I was poleaxed. Because, you know, I had just been with him. The next week or so was a blur. I had to get to Dallas, do a wake for my best friend, be in the funeral (where, at the age of 20, I became a pallbearer for the first time), get on a plane back home, and get on another series of airplanes to the western Pacific for my cruise.
While I was deployed we pulled into the Philippines, Singapore. Thailand, and Hong Kong. All of this should have been fairly exciting for someone who had never been anywhere before, and to some extent it was. But mostly I was just kind of numb. After a month I came back home and promptly came down with pneumonia. I was down with that for several weeks, recovered, and went back to school. I thought I was ok.
But I wasn’t. I was able to do my military duties without too much difficulty, but I just couldn’t bring myself to care enough about academics to really get the job done. I wound up the fall semester with less than a 2.0 and on academic probation. This was sort of a wake up call.
I applied myself really hard the spring semester, and given that football season was over, I had more time to apply to academics. I got pretty good grades. Life was looking kinda good. I thought I was ok.
But again, I wasn’t. I rolled into my fifth year (yes, I packed four years of education in to five years of actual attendance, mostly because I changed my major, but partly because I was kind of a fuckup as a student). I thought I was over Joe’s death. But I wasn’t. I cried a lot. Drank a lot. Blew off class a lot. Net result: failed statistical mechanics. Failed thermodynamics lab. Got a D in quantum mechanics. Got indifferent C’s in everything else. Got hauled before the Colonel (CO of the NMCROTC unit) to explain myself. Of course there was no excuse. Was informed that I was heading to the Fleet one way or another after one more semester, so I’d better either unfuck myself or I was going to be wearing a crackerjack uniform.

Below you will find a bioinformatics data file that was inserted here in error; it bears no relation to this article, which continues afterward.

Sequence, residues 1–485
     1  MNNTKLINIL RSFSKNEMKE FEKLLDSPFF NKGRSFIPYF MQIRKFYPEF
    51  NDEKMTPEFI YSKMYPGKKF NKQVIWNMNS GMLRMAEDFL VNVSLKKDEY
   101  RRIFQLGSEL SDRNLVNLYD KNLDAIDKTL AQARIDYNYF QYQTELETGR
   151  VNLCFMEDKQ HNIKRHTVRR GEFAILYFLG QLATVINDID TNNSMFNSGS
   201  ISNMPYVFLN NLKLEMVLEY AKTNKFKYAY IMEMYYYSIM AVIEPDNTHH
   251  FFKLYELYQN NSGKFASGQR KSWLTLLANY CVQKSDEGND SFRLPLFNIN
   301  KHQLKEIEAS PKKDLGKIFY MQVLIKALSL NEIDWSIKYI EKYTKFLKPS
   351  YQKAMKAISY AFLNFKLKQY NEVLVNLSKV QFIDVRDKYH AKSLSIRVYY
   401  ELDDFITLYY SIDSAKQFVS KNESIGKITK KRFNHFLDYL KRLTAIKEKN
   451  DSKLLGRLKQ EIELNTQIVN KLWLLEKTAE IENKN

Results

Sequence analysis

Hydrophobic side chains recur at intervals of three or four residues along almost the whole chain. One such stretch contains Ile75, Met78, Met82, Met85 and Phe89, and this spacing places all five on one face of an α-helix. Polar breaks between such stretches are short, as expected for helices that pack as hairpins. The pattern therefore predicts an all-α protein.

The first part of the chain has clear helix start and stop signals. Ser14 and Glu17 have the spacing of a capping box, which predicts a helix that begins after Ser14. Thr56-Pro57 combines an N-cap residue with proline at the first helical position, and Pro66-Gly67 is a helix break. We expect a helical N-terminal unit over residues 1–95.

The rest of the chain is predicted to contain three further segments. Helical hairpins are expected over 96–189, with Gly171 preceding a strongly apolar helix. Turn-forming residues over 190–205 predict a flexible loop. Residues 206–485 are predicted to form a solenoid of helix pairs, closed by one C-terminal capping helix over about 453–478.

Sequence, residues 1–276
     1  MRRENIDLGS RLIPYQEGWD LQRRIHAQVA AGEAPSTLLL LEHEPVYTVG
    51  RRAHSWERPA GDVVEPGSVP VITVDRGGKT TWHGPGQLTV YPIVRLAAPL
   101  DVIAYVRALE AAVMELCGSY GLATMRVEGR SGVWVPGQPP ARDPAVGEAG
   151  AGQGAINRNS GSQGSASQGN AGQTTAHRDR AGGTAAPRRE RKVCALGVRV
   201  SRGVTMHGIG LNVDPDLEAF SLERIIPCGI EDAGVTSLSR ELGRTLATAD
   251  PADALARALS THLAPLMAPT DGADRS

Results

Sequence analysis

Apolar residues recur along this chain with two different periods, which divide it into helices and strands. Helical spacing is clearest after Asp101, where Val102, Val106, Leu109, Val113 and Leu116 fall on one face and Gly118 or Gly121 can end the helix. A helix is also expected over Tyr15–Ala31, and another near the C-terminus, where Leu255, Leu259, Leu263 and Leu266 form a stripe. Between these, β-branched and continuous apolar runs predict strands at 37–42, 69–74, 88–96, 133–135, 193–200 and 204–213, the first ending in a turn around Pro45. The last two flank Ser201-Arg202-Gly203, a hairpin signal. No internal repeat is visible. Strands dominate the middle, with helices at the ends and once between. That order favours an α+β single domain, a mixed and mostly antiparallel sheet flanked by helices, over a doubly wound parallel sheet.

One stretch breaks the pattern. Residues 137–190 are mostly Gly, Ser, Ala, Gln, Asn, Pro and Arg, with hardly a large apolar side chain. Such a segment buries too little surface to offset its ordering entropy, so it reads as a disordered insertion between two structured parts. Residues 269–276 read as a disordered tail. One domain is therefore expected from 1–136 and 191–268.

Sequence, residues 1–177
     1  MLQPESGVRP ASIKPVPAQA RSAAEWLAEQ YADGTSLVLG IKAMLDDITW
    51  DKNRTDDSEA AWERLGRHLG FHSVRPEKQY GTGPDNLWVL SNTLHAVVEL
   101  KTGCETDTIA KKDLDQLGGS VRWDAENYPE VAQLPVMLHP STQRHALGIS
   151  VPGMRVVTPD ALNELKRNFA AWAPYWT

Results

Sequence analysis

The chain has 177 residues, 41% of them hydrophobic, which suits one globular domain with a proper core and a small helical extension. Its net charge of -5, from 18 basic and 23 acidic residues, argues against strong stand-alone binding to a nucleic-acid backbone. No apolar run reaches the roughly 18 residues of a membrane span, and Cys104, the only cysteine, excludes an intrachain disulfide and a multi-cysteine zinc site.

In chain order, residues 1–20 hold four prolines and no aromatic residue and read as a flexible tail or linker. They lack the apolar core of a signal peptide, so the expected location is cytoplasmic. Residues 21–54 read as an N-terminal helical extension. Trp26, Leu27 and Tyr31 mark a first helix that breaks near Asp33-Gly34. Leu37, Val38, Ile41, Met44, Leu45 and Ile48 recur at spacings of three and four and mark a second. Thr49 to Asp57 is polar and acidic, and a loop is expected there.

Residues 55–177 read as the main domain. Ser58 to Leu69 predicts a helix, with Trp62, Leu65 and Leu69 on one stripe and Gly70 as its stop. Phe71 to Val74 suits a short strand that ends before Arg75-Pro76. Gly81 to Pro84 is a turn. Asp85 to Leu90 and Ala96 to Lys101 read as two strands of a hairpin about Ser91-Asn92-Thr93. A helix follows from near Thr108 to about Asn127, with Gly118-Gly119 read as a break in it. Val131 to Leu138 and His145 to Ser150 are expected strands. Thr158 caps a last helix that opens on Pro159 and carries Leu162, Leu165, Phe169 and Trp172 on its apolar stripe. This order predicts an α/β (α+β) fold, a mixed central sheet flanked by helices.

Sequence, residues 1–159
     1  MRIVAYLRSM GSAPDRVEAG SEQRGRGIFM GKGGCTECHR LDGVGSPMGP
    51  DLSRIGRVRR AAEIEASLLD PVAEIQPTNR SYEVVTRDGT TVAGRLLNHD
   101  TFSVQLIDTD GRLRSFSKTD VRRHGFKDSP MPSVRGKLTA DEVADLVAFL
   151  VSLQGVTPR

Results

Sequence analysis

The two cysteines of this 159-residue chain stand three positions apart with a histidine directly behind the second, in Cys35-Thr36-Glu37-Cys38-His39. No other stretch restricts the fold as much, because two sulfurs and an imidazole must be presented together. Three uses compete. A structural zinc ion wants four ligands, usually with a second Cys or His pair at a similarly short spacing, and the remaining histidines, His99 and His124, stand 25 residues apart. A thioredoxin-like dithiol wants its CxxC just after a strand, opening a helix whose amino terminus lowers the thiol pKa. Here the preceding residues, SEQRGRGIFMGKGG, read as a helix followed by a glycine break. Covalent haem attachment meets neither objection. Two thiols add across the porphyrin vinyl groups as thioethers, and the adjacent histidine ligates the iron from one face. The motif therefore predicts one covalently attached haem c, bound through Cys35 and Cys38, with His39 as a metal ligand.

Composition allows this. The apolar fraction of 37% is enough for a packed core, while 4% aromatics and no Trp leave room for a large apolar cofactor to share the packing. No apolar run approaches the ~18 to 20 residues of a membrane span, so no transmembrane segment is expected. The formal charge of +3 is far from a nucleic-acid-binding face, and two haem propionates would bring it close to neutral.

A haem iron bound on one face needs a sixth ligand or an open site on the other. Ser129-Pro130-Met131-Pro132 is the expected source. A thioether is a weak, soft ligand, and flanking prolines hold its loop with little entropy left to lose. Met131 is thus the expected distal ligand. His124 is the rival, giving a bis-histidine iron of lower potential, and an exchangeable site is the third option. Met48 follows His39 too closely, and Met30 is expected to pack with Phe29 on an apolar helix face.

So I did. Unfuck myself, I mean. Made up stat. mech. Got good grades in quantum. Threw myself at the feet of the dean and got him to accept some other courses in lieu of thermo lab. All this took time to arrange, and I was sweating it until a few weeks before graduation/commissioning, but I pulled it out, and walked across the stage. As was usual at the time, I was commissioned on the spot and got temporary orders to the NROTC unit, doing office work. After that I reported to the Surface Warfare Officer School Command Pacific, San Diego, CA, in early July 1987, for accession training.
That’s the story. So, 27 years later, it’s over, right? Mostly. I go for months at a time now not needing to think about this. For the most part, it’s like it didn’t happen. But: please don’t call me late at night, because a ringing phone after bedtime still scares me to death. Every now and then, I still get choked up. Because he died and I wasn’t even there to help him.
There are times, even at this late date, that I wish I could just forget about all this. But in the end the sadness is wrapped around all my memories of him. It’s all I have left. If I were to stop hurting over this, it would be the same as if I stopped caring. And I can’t.
I tagged a couple of y’all who have lost people, no doubt there are others. Some recently, some farther back. All I can tell you is that yeah, it never stops hurting. But after a while it’s not as bad. Even if it fucks you up a lot, eventually if you keep going you can live.
I hope this is helpful to someone. I’ve got to stop now, though, I’ve got something in my eye, again.